HTC is pulling out of pro racing, mergers promise to reduce the number of ProTour teams surviving into 2011, Alberto Contador continues to ride with a CAS-sized question mark over his head, and Lance Armstrong, the ghost of cycling past, waits to find out whether he’ll be indicted by the US government. But screw it, it’s always darkest before the dawn. You’ve got to stay on the sunny side. Accentuate the positive. A spoonful of sugar helps the medicine go down. Etc. Etc.
This has been a GREAT year for racing, beginning with the Spring Classics, continuing through the Giro and culminating with the just finished Tour de France. If you have not enjoyed this season, it is likely you don’t care for bike racing. You should take up the harp or explore your interest in paragliding.
Having just won the Tour, Cadel Evans is a strong candidate for rider of the year. He dazzled last season, while wearing the rainbow stripes of World Champion, and that gave him a measure of popularity he hadn’t enjoyed previously. He won Tirreno-Adriatico and the Tour of Romandie before claiming his first maillot jaune at 34.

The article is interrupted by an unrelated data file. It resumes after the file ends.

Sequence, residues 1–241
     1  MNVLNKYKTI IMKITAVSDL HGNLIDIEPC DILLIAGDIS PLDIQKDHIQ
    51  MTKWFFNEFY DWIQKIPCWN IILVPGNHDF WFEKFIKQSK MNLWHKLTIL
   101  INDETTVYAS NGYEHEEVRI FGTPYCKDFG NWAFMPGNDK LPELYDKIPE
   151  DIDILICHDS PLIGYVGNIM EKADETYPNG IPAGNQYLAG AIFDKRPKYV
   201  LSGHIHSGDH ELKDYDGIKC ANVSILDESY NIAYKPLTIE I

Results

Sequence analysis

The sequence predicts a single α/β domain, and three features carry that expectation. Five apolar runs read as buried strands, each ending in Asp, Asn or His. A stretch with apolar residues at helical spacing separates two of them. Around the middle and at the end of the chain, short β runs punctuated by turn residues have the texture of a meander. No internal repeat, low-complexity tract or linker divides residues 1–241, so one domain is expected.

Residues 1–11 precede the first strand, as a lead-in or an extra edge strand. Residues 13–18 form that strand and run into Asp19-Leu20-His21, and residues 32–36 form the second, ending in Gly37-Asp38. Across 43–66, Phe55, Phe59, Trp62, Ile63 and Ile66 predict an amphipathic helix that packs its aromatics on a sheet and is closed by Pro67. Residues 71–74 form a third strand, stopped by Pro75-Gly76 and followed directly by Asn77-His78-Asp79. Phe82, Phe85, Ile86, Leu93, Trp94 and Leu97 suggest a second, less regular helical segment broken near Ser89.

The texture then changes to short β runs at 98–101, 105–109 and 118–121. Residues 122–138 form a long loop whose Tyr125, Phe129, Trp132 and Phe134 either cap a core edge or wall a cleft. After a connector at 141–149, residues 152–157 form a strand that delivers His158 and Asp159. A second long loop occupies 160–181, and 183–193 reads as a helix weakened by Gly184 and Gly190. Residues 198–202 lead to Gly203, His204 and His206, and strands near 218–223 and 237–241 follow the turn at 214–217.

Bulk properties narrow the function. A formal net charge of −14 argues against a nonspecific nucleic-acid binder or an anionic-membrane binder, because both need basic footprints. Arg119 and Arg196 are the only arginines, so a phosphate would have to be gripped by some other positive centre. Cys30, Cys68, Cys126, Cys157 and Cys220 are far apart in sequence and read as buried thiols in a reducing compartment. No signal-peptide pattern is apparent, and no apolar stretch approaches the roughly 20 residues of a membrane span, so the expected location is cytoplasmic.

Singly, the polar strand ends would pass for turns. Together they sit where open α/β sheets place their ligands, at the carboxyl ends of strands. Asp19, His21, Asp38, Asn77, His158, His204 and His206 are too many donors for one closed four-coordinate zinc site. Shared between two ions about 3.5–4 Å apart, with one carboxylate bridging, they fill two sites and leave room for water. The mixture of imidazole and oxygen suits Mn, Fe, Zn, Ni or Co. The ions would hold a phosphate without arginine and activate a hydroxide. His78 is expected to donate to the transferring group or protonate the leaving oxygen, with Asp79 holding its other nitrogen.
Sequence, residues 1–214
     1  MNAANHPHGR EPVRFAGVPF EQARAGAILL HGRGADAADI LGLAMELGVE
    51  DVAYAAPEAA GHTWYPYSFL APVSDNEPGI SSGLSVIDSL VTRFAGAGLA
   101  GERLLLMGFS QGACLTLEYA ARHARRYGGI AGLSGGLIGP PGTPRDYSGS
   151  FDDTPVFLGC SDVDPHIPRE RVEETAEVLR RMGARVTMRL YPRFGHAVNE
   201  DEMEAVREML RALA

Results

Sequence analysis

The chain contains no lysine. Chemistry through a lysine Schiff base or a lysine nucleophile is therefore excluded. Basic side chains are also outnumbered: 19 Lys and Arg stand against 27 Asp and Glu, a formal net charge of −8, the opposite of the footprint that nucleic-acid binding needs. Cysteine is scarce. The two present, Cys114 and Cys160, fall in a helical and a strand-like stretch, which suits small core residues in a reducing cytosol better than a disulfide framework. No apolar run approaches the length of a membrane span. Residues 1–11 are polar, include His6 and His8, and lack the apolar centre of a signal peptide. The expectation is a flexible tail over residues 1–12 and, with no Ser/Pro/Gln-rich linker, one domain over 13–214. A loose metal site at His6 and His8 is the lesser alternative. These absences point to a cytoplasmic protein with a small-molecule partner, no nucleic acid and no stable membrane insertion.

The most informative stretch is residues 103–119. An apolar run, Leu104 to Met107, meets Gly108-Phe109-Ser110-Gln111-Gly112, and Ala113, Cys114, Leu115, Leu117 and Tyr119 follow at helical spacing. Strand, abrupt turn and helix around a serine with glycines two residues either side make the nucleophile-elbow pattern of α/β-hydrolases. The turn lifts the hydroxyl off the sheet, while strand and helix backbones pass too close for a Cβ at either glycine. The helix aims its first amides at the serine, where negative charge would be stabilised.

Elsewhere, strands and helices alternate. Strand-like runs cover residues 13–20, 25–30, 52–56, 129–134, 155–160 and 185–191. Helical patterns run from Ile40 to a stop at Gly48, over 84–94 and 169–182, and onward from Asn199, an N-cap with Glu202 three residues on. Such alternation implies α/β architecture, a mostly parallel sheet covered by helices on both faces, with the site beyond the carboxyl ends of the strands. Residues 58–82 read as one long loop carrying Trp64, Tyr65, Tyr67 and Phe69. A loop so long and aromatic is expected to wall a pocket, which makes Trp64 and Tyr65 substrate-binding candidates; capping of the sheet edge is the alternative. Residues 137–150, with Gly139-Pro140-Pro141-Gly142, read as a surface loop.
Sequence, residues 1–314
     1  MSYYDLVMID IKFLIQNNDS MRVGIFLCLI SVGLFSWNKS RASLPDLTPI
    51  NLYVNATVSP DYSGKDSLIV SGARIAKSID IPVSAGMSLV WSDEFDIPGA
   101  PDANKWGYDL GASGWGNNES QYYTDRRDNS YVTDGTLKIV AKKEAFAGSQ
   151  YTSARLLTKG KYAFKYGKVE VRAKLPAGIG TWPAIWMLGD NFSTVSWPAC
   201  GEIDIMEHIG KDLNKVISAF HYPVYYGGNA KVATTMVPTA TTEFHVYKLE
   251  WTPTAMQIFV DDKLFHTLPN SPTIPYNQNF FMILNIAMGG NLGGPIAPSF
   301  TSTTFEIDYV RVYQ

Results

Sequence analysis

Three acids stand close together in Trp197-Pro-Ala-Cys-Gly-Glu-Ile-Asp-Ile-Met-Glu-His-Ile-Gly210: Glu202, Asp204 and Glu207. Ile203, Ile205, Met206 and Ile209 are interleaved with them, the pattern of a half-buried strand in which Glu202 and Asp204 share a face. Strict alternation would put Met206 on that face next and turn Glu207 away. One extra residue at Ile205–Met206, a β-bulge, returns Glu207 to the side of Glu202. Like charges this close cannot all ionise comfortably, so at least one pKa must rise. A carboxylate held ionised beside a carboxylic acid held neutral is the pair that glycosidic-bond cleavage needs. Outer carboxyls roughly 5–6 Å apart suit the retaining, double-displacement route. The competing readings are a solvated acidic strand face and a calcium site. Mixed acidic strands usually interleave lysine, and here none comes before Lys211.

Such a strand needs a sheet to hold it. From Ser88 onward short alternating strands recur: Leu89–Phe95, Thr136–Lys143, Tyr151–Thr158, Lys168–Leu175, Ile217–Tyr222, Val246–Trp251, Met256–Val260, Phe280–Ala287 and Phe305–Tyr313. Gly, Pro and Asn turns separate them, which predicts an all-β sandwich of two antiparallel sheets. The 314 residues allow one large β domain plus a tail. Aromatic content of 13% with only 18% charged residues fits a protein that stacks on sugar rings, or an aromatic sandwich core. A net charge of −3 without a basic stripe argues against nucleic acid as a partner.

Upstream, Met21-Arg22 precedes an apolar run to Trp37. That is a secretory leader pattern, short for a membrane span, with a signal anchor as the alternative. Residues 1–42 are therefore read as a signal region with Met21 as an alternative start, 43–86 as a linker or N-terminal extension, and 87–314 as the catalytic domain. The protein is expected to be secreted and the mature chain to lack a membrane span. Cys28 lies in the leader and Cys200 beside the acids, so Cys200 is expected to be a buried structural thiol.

Thor Hushovd started slowly, and though his marking of Fabian Cancellara clearly led to Johan van Summeren’s big win at Paris-Roubaix, the norseman was vocally upset that Garmin-Cervelo wasn’t planning more races around his burgeoning talent. As this year’s wearer of the rainbow stripes however, Hushovd absolutely lit up the first week of the Tour, spending eight days in the yellow jersey and generally getting to display his class on the very biggest stage cycling offers.
Of course, any discussion of 2011 has to include Philippe Gilbert. To wit, Gilbert has won: Ster-Elektrotour, the Tour of Belgium, the Belgian road championship, Liége-Bastogne-Liége, Amstel Gold, La Fléche Wallonne, Montepaschi Strade Bianchi, Brabantse Pijl, stages at the Tour de France, Tirreno-Adriatico, and the Tour of the Algarve, and stood third on the podium at Milan-San Remo. Dude. Wins. Everything.
And, now that you’ve read this far, you’re probably thinking I’m going to ask who the rider of the season has been up to this point. Wrong. Gilbert wins it going away (as usual). No. The question is, who has anything left for the end of the year? Evans can certainly be competitive in those Fall Classics that have, over the last few years, been the meat and potatoes of Gilbert’s palmares. Hushovd will surely notch some more wins before the leaves drop.
The question is: Which of these three will win more this year? Where? And why?